In the 1980s, marketers became louder and more aggressive. Salespersons with no sense of science or medicine took control over clinical research. The science turned into marketing, and professors ended up as promoters.
Drug companies also highjacked scientific journals.
We Can No Longer Trust Medical Journals
It's no longer possible to believe much of the clinical research published today. Most prestigious journals have a severe conflict of interest. The income from reprints is a significant part of top journals' income.
They might lose large incomes from sales of reprints if they are too critical of industry trials. Medical journals are nothing more than an extension of the marketing arm of Big Pharma.
Sometimes drug companies order reprints if the journal publishes a positive study. They may threaten to pull a paper if the peer review is too critical.
If journals don't do as told, they may lose $100 000 of profit and not meet the end-of-year budget. Journals partake in information laundering operations for the pharmaceutical industry.
We don't have safe drugs. The drug industry more or less controls itself. Politicians have weakened the regulatory demands over the years. They think more about money than patient safety.
There are also conflicts of interest at drug agencies.
FDA Regulators Have Financial Conflicts Of Interest With The Drugs They Test
Pharmaceutical companies have people on the FDA's board of directors. They can affect what happens during these meetings.
Many FDA regulators have financial conflicts of interest with the drugs they test. Lester Crawford approved Vioxx, a Merck drug. After resigning, he became senior counsel for Merck's P.R. firm, Policy Directions Inc.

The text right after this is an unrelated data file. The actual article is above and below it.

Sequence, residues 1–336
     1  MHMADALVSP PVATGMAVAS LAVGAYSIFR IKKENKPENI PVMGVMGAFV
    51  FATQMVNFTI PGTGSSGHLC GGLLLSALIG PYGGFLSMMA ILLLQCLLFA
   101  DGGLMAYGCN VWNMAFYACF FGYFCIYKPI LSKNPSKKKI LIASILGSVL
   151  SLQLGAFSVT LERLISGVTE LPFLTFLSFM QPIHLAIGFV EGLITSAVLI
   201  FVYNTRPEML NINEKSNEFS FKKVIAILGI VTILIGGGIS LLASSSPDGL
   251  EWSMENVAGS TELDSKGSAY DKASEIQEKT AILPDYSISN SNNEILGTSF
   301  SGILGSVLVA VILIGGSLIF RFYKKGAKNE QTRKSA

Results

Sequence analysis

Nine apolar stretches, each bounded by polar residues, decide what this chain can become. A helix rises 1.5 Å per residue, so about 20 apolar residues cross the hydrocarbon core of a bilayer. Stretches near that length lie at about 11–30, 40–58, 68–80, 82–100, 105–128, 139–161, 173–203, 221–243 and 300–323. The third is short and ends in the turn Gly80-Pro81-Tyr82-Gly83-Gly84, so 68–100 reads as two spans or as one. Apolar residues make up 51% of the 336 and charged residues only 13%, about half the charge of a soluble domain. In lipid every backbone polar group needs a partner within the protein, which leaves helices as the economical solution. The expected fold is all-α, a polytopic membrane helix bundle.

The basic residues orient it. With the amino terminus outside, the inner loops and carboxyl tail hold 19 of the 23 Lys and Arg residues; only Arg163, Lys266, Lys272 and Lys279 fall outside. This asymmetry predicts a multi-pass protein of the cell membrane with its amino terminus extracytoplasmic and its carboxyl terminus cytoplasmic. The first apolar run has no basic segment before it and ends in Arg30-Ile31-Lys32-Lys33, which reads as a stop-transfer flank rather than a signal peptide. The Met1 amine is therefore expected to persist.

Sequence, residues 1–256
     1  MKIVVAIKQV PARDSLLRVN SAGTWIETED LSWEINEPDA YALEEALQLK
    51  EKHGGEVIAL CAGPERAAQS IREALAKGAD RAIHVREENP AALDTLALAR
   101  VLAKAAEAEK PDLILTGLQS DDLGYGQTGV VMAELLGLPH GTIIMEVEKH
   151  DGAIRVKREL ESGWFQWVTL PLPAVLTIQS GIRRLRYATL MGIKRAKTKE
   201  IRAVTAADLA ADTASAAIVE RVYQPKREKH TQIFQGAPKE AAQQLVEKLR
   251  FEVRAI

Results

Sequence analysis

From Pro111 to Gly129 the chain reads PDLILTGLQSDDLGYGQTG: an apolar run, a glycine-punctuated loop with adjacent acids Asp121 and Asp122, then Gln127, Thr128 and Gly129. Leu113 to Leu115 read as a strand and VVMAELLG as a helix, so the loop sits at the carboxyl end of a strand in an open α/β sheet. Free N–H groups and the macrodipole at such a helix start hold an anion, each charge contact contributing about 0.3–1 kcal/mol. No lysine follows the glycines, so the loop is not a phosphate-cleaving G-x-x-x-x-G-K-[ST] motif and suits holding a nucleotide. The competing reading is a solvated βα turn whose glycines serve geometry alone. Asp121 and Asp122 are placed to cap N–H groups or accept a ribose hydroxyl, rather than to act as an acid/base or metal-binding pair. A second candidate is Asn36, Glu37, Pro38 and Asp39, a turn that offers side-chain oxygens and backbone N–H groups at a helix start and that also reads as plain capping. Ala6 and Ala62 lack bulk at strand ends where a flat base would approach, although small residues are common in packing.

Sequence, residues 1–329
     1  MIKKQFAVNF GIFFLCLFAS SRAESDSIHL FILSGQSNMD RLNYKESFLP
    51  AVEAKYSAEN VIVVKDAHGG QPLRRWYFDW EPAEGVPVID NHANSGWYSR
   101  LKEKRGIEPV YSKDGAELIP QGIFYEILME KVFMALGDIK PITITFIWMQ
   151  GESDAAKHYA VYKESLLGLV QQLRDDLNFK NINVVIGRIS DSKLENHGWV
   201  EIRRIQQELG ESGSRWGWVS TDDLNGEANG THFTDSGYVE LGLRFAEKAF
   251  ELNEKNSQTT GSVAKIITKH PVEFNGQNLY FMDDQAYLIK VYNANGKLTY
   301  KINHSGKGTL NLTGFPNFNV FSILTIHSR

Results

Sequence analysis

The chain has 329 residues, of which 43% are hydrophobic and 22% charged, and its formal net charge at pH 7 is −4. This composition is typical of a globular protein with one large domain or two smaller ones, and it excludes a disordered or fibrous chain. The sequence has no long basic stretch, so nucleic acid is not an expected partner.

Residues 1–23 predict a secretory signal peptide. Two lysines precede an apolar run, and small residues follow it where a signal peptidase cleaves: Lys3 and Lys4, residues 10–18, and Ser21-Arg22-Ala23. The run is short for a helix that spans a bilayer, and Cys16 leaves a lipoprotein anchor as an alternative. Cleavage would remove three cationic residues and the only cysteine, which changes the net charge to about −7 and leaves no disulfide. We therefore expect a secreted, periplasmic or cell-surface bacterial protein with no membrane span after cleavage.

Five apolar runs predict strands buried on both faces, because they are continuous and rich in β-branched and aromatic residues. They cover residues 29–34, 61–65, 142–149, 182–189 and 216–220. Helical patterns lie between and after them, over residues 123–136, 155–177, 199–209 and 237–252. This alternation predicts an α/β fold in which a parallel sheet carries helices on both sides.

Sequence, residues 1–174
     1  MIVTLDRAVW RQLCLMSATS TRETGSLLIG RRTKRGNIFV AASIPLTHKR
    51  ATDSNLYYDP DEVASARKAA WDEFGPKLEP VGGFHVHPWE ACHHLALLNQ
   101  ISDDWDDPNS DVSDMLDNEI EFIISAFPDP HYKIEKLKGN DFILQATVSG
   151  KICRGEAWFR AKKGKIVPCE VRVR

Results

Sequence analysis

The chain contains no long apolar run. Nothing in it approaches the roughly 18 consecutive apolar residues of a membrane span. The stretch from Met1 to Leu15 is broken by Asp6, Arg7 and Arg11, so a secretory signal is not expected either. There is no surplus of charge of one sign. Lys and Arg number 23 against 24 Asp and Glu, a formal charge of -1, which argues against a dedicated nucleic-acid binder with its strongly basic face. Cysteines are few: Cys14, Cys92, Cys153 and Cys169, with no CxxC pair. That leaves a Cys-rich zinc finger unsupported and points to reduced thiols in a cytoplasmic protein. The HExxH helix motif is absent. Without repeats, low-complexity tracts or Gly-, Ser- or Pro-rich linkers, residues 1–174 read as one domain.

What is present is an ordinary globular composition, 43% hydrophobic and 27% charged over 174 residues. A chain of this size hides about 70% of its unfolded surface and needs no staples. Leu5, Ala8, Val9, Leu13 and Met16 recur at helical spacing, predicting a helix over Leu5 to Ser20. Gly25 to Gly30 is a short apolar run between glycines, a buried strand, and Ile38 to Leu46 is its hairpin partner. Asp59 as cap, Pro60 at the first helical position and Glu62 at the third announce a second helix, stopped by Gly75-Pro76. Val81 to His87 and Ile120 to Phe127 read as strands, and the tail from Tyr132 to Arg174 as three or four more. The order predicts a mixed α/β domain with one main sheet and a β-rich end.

Crawford later received a fine of $90 000. He got charged for falsely reporting he had sold stock in companies regulated by the FDA.
Another FDA employer with severe conflicts of interest was Henry Welch.
Henry Welch A FDA Chief Received Private Fees From Drug Companies
Members of advisory committees at drug agencies also contribute to the scam. Some of them work for both sides. They extort drug companies by demanding high consulting fees. In the late 1950s, Henry Welch was chief of FDA's antibiotics division.
He collected more than a quarter of a million dollars in private fees from pharmaceutical companies. Henry certified the efficacy and safety of their antibiotics. He also edited a journal and shared papers in print with drug companies.
There have been other cases of bribed FDA officials that approved drugs. People who get money from the industry cannot advocate for their patients.
The title "independent expert" is thus an oxymoron. When problems arise, agencies use fake fixes they know won't work. When FDA scientists find serious harm, they often get intimidated by their superiors.
The FDA has accepted safety data it knew were fraudulent. On many occasions, the data showed the drug was not safe. If the FDA can't be 95% certain a drug will kill you, the agency assumes it's harmless and allows it.
If you thought everything up to this point was crazy, you won't believe what you will uncover next.
Big Pharma Is The FDA's Biggest Source Of Income